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Teachers to Return to Damaged East Village School to Collect Necessities

By Serena Solomon | October 10, 2012 7:04pm

EAST VILLAGE — Teachers from an East Village school recently forced to relocate because of structural damage to its East 12th Street building are being given a brief window Thursday evening to collect stranded but essential teaching materials.

Laptops, reading books and projectors are at the top of the list of items to be collected so teachers can continue to instruct the 650 East Side Community School students now split between two temporary Manhattan locations.

Teachers and students at the school were suddenly evacuated two weeks ago when it was discovered that the eastern wall of the building at 420 E. 12th St. appeared to be "coming apart."

"There are tons of hardships. It is horrible. It is hard, but our teachers and students have been so committed to learning," said Principal Mark Federman, 41, who has been the head of East Side Community School for 12 years.

Federman arranged the retrieval of equipment Wednesday afternoon and will return to the building on East 12th Street Thursday evening with many of his teachers to gather any instructional equipment they can.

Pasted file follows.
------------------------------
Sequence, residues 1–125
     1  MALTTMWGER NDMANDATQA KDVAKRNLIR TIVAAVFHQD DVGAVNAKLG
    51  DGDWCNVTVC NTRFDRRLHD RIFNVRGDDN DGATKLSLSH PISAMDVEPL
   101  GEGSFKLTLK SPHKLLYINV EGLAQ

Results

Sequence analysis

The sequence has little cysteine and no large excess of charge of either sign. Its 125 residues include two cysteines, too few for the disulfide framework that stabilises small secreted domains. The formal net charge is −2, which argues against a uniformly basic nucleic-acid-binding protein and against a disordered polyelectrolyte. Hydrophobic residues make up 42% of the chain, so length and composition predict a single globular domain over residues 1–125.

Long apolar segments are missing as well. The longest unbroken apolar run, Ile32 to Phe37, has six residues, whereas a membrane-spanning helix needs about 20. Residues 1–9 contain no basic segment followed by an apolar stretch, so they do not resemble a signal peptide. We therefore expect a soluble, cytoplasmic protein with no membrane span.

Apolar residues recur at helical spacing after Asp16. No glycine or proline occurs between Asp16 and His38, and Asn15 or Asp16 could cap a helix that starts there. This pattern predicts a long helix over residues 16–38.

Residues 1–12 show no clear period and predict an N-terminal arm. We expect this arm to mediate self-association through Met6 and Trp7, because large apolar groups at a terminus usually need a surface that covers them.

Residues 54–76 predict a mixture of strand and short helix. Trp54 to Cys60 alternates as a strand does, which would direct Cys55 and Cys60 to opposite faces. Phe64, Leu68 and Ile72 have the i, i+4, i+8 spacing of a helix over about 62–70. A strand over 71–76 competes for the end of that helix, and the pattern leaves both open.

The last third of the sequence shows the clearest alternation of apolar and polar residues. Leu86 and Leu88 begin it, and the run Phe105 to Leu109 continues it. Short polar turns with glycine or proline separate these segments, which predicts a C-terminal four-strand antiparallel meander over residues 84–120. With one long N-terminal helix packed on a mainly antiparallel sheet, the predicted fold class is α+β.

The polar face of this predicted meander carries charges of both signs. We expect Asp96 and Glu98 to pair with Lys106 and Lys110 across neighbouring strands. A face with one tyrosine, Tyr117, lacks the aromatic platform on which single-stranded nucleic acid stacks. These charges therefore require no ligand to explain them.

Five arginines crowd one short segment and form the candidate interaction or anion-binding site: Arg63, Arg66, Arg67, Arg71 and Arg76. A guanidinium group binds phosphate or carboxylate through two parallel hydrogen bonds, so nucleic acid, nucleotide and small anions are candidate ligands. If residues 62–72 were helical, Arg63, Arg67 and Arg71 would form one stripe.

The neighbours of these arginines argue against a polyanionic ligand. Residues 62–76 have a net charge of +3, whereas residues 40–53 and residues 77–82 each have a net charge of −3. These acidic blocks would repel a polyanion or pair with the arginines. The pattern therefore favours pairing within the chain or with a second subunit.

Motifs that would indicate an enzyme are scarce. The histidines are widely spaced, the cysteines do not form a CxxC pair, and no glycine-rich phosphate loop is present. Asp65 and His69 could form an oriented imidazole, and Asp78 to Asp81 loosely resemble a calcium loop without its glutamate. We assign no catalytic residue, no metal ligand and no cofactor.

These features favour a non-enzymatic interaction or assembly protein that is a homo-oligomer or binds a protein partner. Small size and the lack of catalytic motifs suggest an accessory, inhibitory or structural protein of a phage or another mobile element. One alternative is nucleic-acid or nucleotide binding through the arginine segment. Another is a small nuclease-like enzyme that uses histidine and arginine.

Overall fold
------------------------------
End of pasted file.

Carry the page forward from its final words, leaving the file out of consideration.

"We are only going to get a couple of hours. We will tag and box everything, and then the movers will take it from here," he said.

Textbooks and students' books that were left behind in the evacuation will also be retrieved.

Since the relocation, Federman has spent 18-hour work days bouncing between the two temporary locations. East Side's middle school students have been moved to P.S. 1 at 8 Henry Street, and high school students are holding their classes at Norman Thomas High School at 111 East 33rd Street.

Another school housed in the East 12th Street building, Girls Prep Lower East Side Middle School, has been using the classrooms at P.S. 158 on the Upper East Side.

"[The teachers] have been working as many hours as me," he said, adding that only days after being shut out, teachers had students back in academic instruction at the temporary locations.

Attendance among the kids has remained steady, according to Federman. 

"The learning is at a remarkable level," he said.

At the P.S. 1 location, the limited space has caused teachers to improvise for offices, setting up work stations in hallways to plan classes.

The city's Department of Education is still evaluating what repairs are required and has yet to determine the cause of the crumbling wall, DOE spokeswoman Marge Feinberg wrote in an email to DNAinfo.com New York.

A timeline of when the schools might return to the East 12th Street building has yet to developed, Feinberg added.

East Side Community School is also looking to the community for help, recently sending an email out to local businesses asking for donations of teaching supplies, help with field trips and spaces for recreation or meetings. Food was also requested, mostly as a reward for hardworking teachers and students.

"We need the stuff, and we want the community to know what is going on," said Federman. "We are community school."

Those who are interested in donating to East Side Community School can email Jodi Caplan, Director of Community & Family Partnerships at jodic@eschs.org